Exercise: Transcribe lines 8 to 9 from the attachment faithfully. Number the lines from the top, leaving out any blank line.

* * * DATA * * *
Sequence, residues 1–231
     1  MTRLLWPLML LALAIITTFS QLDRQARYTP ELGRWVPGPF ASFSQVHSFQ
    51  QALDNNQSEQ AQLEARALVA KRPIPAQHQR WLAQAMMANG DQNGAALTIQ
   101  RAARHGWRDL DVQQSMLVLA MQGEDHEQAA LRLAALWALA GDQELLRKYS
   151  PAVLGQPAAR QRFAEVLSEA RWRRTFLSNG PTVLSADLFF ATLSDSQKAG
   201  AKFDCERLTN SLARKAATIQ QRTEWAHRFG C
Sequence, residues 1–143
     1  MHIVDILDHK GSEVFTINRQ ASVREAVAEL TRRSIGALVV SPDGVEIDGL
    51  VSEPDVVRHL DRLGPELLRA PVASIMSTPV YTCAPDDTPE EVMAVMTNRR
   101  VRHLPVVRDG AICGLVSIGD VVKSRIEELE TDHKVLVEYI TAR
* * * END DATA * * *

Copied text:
     1  MHIVDILDHK GSEVFTINRQ ASVREAVAEL TRRSIGALVV SPDGVEIDGL
    51  VSEPDVVRHL DRLGPELLRA PVASIMSTPV YTCAPDDTPE EVMAVMTNRR